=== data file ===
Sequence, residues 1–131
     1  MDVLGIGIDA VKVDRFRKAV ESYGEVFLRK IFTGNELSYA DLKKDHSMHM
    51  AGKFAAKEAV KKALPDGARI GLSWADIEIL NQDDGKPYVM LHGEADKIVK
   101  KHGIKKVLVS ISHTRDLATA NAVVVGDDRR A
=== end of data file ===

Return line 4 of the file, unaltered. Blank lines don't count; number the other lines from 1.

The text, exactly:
   101  KHGIKKVLVS ISHTRDLATA NAVVVGDDRR A